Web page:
A constantly and knowingly undersold achievement is that of translators of works of fiction. Good publishers spend lots of time and money to reach as optimal a result as possible. This can be particularly tricky when the author is already dead and cannot be consulted. Hans Wollschläger needed several years for James Joyce's Ulysses.[4] Ulrich Blumenbach is another “literary translator” who tackled David Foster Wallace's Infinite Jest.[5] The title alone (“Unendlicher Spaß”) could have sounded differently.

Every now and then new translations of classics enter the market (Don Quijote by Susanne Lange, 2008)[6] with the publisher reasoning that ongoing research has helped to better understand the author in the original and that the new translation takes these insights into account. This should definitely not be confused with suddenly using a more modern language, which may make things easier for a teenage reader but must be considered an overachievement needing a commentary, because then the original would also have to be “updated.” One of the most recent examples for a truly literary “new” translation into German, said to have taken 10 years, is that of Marcel Proust's “À la recherche du temps perdu” by Bernd-Jürgen Fischer.[7] The abundance of annotations exemplifies that “no text study can be as informative as the attempt at its translation.”[8]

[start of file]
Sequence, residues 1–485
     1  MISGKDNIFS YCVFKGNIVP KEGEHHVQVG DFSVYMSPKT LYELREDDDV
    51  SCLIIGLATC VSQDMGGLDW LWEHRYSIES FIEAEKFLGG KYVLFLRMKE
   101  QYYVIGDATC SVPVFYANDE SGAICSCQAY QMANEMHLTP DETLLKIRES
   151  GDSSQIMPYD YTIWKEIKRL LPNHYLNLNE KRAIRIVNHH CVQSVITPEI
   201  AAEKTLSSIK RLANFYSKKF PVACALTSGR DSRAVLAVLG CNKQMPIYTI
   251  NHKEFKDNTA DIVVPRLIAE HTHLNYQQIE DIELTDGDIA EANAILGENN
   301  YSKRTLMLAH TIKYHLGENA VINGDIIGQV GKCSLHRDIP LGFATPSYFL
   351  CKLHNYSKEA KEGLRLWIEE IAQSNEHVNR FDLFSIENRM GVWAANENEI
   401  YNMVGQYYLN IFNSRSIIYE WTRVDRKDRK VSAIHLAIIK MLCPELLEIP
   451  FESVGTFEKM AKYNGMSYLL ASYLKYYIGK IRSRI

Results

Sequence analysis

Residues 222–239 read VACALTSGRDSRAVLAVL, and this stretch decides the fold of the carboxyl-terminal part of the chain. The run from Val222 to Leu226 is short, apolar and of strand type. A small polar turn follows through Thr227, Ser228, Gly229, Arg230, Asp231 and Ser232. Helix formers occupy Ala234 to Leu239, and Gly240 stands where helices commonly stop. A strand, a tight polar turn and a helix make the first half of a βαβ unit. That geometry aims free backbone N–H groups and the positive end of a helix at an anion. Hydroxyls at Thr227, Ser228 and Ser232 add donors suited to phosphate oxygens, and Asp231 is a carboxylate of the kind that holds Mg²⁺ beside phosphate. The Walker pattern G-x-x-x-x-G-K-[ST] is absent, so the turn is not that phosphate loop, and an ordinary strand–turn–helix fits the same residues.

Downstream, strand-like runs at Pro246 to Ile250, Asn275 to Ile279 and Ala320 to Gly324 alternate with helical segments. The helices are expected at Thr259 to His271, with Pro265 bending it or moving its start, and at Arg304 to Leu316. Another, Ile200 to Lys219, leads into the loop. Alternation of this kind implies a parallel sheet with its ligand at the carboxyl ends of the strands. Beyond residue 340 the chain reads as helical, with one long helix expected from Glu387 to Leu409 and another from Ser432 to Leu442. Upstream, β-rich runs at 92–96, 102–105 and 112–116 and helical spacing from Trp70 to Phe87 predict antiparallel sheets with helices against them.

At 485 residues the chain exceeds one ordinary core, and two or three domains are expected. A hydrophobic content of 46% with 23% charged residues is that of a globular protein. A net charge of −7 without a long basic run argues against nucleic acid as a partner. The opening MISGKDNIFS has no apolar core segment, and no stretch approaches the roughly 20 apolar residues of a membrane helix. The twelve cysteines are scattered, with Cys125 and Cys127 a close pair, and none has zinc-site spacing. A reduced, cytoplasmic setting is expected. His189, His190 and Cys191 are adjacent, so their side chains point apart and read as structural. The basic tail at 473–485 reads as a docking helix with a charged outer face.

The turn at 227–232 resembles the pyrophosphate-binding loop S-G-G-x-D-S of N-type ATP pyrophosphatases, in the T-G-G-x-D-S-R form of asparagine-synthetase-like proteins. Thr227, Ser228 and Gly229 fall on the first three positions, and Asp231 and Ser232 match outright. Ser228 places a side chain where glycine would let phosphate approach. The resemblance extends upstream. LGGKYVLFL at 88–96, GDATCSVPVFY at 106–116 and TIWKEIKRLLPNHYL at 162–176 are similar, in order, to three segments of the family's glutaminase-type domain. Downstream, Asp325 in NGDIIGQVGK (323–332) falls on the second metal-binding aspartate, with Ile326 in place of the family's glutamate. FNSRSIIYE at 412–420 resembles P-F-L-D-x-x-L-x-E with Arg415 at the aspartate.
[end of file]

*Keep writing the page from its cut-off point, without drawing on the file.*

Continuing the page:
An extremely interesting book, at the same time highly intelligent and a wealth of information on this intellectual problem, is Adam Thirlwell's Miss Herbert (in the United Kingdom), also known as The Delighted States (in the United States).[9] This, in turn, was recently translated into German by Hannah Arnold—and just look at what she did to the title(s) alone[10]—definitely not “verbatim”! Thirlwell reminds us that a literary giant such as Vladimir Nabokov had difficulties to translate his own novel Lolita, written by him in English, into his native (!) Russian. As a culmination and as an addendum, “[Thirlwell] gives us his own translation of [Nabokov's] short story “Mademoiselle O,” first published in French in 1936, translated into English in 1943, then to Russian, then back to English (ending up as a chapter in “Speak, Memory”), and revised continually by Nabokov.”[11]

Switching languages has repeatedly confused an author's own mind: Samuel Beckett, after having turned his literary language from native English to French, eventually also felt unable to translate himself back into English appropriately.

With scores of learned scholars debating such complex issues involved, it is quite obviously a tremendous task for doctors of medicine to come to terms about what is meant by a translation. It is, however, fair to say that in the humanities, there is at least a general agreement that the intention should be that an author's thinking is reflected by rather than lost in translation.